How Does Medical Marijuana Help those with Lyme Disease?

Recently, patients have come forward sharing their stories of how medical marijuana has helped ease their Lyme disease related symptoms. In general, most users have the chronic symptoms associated with long-term Lyme disease, such as chronic pain, inflammation, and sleep problems. Some patients also find success using marijuana to combat other tick-borne illnesses. 

One of the most common uses of marijuana is as a pain-reliever. This has been a known use-case for many years and is becoming more mainstream today for good reason. Specifically to Lyme disease, marijuana may help fight neuropathic pain. A 2015 review of six randomized controlled trials and two hundred and twenty-six total patients concluded that there was evidence for use of medical marijuana along with traditional medicine [1]. Some other studies have found similar results [2][3].

Some researchers believe the secret of marijuana’s pain-relieving effects lies in its ability to combat inflammation. This has been mentioned in several research papers [4] and some mechanisms have already been uncovered [5]. It was found that marijuana acts on inflammation by a separate mechanism compared to NSAIDS (nonsteroidal anti-inflammatory drugs). This is important, because many people with Lyme disease have reported NSAIDS as ineffective for them, and marijuana as helping “close the gap”. Marijuana has also been shown to have neuroprotective effects [6], which may further help those with Lyme disease.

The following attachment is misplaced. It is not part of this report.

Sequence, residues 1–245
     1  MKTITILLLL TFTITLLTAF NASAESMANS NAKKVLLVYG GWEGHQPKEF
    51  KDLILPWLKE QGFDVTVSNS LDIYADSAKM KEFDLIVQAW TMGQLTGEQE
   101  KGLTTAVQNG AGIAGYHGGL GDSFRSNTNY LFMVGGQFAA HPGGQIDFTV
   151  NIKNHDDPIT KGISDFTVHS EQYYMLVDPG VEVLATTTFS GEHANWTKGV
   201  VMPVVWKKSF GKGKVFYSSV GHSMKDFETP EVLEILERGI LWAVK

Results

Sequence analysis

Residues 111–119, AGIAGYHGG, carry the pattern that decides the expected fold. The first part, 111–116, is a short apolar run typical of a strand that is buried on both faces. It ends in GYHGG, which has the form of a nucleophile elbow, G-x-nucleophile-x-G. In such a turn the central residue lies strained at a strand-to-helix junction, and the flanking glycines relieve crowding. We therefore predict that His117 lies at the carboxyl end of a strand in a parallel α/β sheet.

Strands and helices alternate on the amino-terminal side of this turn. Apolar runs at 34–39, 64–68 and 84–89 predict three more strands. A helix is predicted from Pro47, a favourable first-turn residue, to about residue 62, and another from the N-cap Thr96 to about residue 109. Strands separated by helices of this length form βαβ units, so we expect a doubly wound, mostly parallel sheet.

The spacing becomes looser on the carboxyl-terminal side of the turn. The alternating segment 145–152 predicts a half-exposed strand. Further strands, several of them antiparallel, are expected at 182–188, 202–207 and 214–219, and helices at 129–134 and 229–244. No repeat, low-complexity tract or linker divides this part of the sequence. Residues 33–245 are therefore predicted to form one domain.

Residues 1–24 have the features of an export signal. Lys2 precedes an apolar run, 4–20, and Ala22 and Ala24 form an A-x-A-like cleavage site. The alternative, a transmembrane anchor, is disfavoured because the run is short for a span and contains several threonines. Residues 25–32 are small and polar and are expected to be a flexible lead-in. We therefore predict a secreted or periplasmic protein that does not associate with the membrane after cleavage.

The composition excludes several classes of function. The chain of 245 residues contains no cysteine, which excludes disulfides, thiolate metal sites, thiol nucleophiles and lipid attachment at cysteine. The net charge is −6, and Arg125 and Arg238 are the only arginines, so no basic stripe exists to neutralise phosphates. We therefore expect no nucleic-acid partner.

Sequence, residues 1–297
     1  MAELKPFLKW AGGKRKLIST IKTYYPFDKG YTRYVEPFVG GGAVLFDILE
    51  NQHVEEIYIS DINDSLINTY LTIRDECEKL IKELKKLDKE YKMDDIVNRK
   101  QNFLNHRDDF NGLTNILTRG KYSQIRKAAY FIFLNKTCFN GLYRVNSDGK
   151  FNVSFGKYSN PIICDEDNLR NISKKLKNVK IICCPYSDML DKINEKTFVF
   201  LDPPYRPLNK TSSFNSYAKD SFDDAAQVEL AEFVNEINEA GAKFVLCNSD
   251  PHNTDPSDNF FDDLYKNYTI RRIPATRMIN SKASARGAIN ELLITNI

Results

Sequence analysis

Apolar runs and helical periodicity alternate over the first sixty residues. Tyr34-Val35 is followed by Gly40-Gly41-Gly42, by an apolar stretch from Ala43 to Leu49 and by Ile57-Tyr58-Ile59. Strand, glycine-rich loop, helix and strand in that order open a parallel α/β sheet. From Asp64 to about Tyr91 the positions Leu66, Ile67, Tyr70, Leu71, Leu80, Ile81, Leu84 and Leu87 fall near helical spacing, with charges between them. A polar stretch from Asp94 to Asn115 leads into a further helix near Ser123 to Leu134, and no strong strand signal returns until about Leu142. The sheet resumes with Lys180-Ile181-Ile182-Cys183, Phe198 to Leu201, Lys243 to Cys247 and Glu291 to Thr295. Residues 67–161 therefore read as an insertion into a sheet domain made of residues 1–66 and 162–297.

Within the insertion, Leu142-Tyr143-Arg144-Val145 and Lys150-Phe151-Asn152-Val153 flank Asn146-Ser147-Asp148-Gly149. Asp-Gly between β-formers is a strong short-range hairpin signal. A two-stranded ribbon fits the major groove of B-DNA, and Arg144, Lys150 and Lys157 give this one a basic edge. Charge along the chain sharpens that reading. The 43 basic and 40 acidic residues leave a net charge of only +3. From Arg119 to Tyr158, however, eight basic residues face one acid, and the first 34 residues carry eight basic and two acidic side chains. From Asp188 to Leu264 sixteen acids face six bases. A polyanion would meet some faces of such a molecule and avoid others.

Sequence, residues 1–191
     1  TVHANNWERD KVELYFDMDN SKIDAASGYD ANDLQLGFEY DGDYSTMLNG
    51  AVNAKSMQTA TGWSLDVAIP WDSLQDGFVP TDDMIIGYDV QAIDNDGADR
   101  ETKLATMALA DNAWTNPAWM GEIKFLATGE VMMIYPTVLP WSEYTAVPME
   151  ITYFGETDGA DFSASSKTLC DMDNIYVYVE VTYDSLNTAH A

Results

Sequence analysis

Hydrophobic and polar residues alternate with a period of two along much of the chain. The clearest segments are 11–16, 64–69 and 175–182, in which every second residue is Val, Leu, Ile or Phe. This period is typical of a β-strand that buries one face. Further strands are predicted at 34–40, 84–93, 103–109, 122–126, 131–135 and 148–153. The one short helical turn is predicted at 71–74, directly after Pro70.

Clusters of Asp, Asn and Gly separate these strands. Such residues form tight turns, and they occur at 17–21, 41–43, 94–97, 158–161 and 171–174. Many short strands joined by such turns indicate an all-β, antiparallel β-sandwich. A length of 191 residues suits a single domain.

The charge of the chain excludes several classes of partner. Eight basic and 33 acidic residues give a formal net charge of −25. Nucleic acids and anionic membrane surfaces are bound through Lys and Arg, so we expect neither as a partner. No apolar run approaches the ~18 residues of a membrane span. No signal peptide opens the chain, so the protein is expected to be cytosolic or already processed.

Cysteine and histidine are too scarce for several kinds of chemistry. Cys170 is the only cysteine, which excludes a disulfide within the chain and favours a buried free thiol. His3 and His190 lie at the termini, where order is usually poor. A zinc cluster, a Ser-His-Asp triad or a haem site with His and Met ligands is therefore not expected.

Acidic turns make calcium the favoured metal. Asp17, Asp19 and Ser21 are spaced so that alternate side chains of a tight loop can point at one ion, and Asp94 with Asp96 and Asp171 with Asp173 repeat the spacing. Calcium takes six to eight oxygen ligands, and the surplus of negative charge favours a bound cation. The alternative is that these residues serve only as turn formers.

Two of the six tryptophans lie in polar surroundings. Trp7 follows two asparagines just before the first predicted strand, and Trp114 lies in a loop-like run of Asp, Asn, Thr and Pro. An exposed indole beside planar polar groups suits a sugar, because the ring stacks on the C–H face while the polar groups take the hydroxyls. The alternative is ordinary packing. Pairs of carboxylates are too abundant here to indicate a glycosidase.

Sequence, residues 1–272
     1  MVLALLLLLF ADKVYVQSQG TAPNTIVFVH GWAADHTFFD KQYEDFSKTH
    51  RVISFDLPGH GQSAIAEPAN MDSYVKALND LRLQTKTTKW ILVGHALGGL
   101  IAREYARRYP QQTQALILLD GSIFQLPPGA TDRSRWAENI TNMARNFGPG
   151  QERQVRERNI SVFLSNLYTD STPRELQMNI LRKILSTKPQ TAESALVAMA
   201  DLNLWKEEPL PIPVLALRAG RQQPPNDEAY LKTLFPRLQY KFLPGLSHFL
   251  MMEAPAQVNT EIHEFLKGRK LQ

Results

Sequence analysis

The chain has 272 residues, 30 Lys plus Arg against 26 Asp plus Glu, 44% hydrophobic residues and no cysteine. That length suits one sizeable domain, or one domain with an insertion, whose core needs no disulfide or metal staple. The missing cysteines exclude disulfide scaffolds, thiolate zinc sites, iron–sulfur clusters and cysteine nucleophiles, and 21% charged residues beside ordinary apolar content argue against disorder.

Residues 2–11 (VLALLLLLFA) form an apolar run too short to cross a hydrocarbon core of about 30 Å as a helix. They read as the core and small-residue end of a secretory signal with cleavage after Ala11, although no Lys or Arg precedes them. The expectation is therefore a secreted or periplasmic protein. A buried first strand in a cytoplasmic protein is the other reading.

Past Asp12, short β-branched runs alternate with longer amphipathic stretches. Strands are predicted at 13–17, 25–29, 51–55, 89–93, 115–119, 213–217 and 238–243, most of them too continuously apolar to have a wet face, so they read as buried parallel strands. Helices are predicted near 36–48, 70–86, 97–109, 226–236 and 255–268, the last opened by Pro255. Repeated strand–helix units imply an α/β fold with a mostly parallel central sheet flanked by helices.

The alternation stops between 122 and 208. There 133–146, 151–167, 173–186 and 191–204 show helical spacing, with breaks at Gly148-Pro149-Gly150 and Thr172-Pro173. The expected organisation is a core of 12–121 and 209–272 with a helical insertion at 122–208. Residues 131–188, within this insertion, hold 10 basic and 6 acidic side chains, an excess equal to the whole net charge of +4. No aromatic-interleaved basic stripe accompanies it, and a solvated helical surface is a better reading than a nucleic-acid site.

Medical marijuana may also help those with problems sleeping. Due to the pain and inflammation caused by Lyme disease, many people have trouble falling asleep. Luckily, some studies have found marijuana to be effective as a sleep-aid. One study compared CBD and THC, two of the main cannabinoids produced in marijuana, and concluding that CBD has potential in insomnia therapy [7]. The same study goes on to say that CBD may specifically help those with REM sleep behavior disorder (which may have to do with the sedation effects of the chemical) and daytime sleepiness. 


Medical marijuana causes a variety of effects that may help those living with Lyme disease and even PTLDS. This includes use a sleep-aid, anti-inflammatory, and analgesic. In fact, some patients have found medical marijuana to be more effective than traditional pharmaceuticals. 

However, when considering medical marijuana, it is crucial to weigh both the pros and cons. Medical marijuana may cause some potentially harmful side effects, including dizziness, fatigue, paranoia, and dissociation. These side effects may also increase the risk of injury in a group of people already at an increased risk. It is also important to note that these side effects can change depending on both the method of delivery and dosage.


[1] https://www.ncbi.nlm.nih.gov/pubmed/26505059

[2] https://www.ncbi.nlm.nih.gov/pubmed/29388063

[3] https://link.springer.com/article/10.1007/s11916-015-0524-x

[4] https://www.ncbi.nlm.nih.gov/pubmed/28967368

[5] https://www.ncbi.nlm.nih.gov/pubmed/27435265


[7] https://www.ncbi.nlm.nih.gov/pubmed/28349316